Global 8000 - photo courtesy of NASA
The Bombardier Global 8000 during the test flight (photo courtesy of NASA).

The pre-flight briefing lasted about an hour, and once it was com­pleted, Grabman, Karnes and Povall stepped aboard the aircraft. Given the high altitude for the test, they all needed to don flight suits, hel­mets and oxygen masks per Bombardier flight test safety protocol. The aircraft took off at 7 a.m. and climbed to 40,000 feet, where it rendez­voused with a NASA F/A-18 chase plane that happened to be familiar to copilot Jeff Karnes. “I looked out the window at the chase plane and recognized that it was the exact same F/A-18B Hornet that I flew when I was with the Strike Aircraft Test Squadron (now VX-23) at Patuxent River Naval Air Station in Maryland. NASA hadn’t even repainted it, so it still had the same VX-23 Salty Dogs paint job from my days flying it as a Marine test pilot.”

Flying in formation, the two aircraft climbed to an altitude of 50,000 feet, where the F/A-18 pilot had to engage its afterburner just to keep up with the climbing Global 8000 test aircraft. At the chosen altitude, the aircraft began its acceleration descent to the target Mach to com­mence the first of several tests. These started with roll, yaw and pitch controllability evaluations, followed by 1.5 to 2.0 G pull-ups with spoil­ers extended, each time getting closer and closer to the speed of sound.

After a final ascent to 50,000 feet, the chase plane in position and with the team in the telemetry room back at Santa Maria confirming monitoring equipment was functioning correctly, the only thing left to do was make history. All those months of planning, preparation and training came down to this moment. Jeff gently nosed the aircraft down slightly, pushed the throttles forward and observed the Mach numbers increasing, Mach 0.95, Mach 0.96, Mach 0.97, Mach 0.98, Mach 0.99. Then came Jim Less, the NASA chase plane pilot, over the headset, “There’s the Mach, I can feel it. We definitely went Mach 1 there.” On the primary flight display the Mach indicator rolled above 1.0, easily achiev­ing supersonic flight as predicted and with no control issues whatsoever.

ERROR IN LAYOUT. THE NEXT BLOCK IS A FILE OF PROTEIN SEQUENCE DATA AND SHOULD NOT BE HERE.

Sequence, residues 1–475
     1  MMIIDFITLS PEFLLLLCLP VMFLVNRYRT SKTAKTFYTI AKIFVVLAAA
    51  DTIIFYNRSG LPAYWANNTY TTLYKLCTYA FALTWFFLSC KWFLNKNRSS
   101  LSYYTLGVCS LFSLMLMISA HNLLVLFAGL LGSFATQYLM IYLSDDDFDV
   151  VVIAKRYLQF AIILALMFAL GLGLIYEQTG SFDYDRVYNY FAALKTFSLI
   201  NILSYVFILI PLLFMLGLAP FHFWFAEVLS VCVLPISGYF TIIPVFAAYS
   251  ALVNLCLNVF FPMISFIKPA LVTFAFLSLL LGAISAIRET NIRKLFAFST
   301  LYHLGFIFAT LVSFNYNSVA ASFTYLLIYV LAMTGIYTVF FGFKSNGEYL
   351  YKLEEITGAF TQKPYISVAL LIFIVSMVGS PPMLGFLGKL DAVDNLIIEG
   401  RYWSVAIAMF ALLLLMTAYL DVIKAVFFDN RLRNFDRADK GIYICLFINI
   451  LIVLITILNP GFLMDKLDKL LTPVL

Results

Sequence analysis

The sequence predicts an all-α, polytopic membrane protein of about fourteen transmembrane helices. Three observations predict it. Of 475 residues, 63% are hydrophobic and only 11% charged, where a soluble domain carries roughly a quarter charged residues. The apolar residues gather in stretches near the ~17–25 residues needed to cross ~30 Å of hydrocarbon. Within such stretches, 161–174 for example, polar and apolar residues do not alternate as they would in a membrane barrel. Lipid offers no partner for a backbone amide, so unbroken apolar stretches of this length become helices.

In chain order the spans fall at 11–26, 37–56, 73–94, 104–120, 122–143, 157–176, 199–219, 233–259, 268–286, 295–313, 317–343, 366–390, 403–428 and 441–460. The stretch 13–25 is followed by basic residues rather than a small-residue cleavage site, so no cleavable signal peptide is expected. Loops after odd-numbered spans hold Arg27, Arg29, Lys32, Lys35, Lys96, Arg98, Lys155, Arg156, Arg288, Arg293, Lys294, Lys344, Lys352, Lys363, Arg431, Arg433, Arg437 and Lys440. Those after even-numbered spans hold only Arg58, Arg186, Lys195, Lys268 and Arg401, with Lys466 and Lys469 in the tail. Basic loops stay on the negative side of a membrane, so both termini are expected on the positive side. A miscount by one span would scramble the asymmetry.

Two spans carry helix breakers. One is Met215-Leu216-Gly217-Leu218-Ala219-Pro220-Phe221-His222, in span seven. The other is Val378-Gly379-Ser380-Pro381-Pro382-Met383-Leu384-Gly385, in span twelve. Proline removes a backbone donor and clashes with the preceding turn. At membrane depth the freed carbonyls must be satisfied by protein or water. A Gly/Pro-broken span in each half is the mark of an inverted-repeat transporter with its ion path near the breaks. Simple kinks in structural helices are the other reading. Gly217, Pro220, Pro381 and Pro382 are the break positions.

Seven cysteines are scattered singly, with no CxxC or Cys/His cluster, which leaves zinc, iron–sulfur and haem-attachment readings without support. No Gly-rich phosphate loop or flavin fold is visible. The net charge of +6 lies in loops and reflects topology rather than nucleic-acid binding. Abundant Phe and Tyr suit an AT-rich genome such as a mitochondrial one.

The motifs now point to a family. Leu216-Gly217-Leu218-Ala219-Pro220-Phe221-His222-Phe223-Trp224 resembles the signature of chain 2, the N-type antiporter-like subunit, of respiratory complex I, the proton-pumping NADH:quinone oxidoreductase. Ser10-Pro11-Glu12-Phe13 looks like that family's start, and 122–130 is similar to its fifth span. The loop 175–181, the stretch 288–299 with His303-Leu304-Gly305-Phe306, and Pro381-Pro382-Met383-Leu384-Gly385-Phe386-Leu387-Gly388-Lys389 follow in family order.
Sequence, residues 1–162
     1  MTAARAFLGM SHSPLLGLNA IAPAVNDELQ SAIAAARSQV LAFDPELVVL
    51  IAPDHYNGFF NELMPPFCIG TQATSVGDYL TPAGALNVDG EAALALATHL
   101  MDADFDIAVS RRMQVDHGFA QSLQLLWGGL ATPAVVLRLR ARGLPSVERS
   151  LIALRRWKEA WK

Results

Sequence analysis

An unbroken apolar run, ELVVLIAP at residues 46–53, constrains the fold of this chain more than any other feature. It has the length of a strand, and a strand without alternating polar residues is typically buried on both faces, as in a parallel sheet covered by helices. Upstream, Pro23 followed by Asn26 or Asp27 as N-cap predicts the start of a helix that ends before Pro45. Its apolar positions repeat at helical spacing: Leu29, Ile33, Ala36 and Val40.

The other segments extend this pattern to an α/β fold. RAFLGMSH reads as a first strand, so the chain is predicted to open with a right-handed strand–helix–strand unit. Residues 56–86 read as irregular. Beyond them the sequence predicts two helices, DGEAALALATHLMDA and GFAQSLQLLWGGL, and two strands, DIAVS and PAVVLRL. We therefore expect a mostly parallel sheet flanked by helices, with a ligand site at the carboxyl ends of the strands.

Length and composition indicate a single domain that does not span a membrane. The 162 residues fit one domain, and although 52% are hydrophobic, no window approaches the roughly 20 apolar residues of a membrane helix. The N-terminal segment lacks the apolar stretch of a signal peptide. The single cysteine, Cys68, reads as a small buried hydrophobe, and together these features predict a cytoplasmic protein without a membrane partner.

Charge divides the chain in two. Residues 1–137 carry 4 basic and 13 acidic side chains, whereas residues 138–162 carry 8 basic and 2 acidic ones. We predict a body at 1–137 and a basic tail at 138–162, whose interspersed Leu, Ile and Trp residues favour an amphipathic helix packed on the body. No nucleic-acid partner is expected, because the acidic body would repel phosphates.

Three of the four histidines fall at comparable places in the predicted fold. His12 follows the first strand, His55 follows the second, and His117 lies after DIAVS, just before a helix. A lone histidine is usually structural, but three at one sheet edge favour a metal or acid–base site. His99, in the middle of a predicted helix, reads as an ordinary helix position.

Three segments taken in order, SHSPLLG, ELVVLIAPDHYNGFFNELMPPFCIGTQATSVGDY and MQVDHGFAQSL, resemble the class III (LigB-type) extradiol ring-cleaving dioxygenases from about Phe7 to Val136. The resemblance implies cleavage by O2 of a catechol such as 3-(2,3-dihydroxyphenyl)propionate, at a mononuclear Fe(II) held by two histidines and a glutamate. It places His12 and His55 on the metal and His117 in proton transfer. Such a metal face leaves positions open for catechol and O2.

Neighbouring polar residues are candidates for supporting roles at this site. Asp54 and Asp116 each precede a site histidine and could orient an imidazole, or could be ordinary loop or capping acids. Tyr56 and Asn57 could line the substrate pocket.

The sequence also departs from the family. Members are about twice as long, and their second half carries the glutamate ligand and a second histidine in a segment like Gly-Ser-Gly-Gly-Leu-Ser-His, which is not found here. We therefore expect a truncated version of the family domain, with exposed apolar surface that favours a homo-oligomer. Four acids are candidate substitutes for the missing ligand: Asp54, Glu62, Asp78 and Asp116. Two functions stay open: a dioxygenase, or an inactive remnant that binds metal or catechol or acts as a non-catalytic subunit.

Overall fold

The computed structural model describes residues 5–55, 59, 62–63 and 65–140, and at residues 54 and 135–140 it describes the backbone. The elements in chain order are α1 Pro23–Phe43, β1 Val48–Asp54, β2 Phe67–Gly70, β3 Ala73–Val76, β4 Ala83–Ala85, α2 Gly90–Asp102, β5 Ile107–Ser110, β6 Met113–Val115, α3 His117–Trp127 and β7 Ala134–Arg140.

The Global 8000 placed Bombardier in the history books. It is the first business jet to fly supersonic.

With that, Ed, Jeff and Ben made aviation history, becoming the fast­est men in business aviation and placing Bombardier forever in the an­nals of aviation as the manufacturer of the first purpose-built business jet to officially fly supersonic and to do so on sustainable aviation fuel (SAF).

Over the next few hours, they continued to repeat the supersonic tests, gradually going faster and faster, repeatedly breaking the sound barrier until finally attaining a top speed of Mach 1.015.

Upon landing, the fastest men in business aviation were given a ce­lebrity’s welcome by the team at Santa Maria, but without any media fanfare. Project Sunrise was being conducted under a veil of secrecy with everyone, including the video crew there to document it, signing a non-disclosure agreement. It was imperative that no one find out about this flight—especially Bombardier’s competitors—until the Global 8000 was officially launched to the world. That day came almost ex­actly a year later, on May 23, 2022, at the European Business Aviation Convention and Exhibition in Geneva where Project Sunrise was made public for the first time. The worldwide response was sensational, gar­nering press from around the globe and from virtually every major news outlet, and an outpouring of excitement from Bombardier’s customers. Bombardier’s Global 8000 aircraft had gone faster than any other civil­ian aircraft since Concorde, ushering in a new era in business aviation.

History-making test pilots.
Bombardier test pilots Ed Grabman and Jeff Karnes (photo by Kacy Meinecke).

That morning back at BFTC headquarters in Wichita, Kansas, Ed, Jeff and Ben were back in the briefing room planning their next mis­sion. These silent heroes of the day, with their accomplishment being celebrated thousands of miles away, were going about their business as usual. While the sun may have set on Project Sunrise, you can be cer­tain Stephen McCullough and his team of engineers are hard at work finding new ways to keep pushing the envelope of what’s possible so Bombardier can continue blazing new contrails in business aviation.